How Can I Seal my Felony Record?
Having a criminal record can work against you in a number of ways. You will have problems finding work and housing. Fortunately, the system is set up to give you a reprieve of sorts through the process of record sealing. You can file to have your record sealed so that it will be as if you never went to prison.
Although you can say that you do not have a criminal conviction, this does not mean that the arrest records will be destroyed. According to the Cleveland legal aid website “… the criminal record is hidden from the public and most employers. Some employers, such as those that hire nurses, nursing assistants, or child care providers, will still be able to see the record after it is sealed. It will always be available to judges and police officers.” This means that if you are charged for another crime, your past convictions could come back to haunt you.
Which Records Can be Sealed?
Some charges are considered too serious to be removed from a person’s record. However, the process of sealing covers a variety of crimes. In some states if you were convicted of a misdemeanor, you can file to have our records sealed five years after that date, while in other states you file to seal your records five to seven years after serving your sentence. Felony records will take a longer time to seal. Some sex offenders are also able to have their records sealed, but this depends on the actual charge. Level three offenders are usually not allowed to have sealed records. It usually takes a long time before low level sex offenders can file to have their records sealed.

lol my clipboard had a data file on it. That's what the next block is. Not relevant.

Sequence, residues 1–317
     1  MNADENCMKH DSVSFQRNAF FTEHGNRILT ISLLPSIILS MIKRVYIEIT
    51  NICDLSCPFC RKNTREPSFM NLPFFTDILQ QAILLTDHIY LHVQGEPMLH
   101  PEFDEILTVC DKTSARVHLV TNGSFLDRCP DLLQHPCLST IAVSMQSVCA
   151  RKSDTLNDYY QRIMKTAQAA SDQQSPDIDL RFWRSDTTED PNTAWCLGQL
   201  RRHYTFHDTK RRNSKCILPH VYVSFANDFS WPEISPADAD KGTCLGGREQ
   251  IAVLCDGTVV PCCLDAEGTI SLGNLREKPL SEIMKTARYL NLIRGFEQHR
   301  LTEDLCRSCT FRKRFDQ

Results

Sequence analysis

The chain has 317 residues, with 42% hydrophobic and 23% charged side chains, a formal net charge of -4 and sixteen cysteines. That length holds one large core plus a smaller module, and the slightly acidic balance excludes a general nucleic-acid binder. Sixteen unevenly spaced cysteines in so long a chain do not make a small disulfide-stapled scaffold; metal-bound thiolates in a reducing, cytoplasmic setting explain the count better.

What is the Process for Criminal Record Sealing
The process to have your criminal or arrest record sealed can be a lengthy one. First, you must fill out the application form properperly, and ensure that it is accompanied by the relevant supporting documents. Initially it will be reviewed by a judge in your district. The judge has the power to deny the petition, even if you have met all the legal requirements for filing. Petitioners are notified on the decision, and if it is successful, they will be given a hearing date.
Aside from misdemeanor convictions, there are some case results which will make it easier to have court records sealed. The judge will look favorably on your request if your case was dismissed and there was no ruling for probation. If the court finds that there was no probable cause for you to be charged, this will also work in your favor. If your case resulted in a not guilty verdict, you will most likely want to have the record of your arrest sealed even though there was no conviction.
One of the best things you can do is to talk to the lawyer who handled your case so that you can find out how to go about sealing your record. Since the eligibility requirements and the application process vary in different states, find out as much as you can before you attempt to file. While legal representation can help to make the process quicker, this is not mandatory. You can also approach legal aid organizations in your area for help.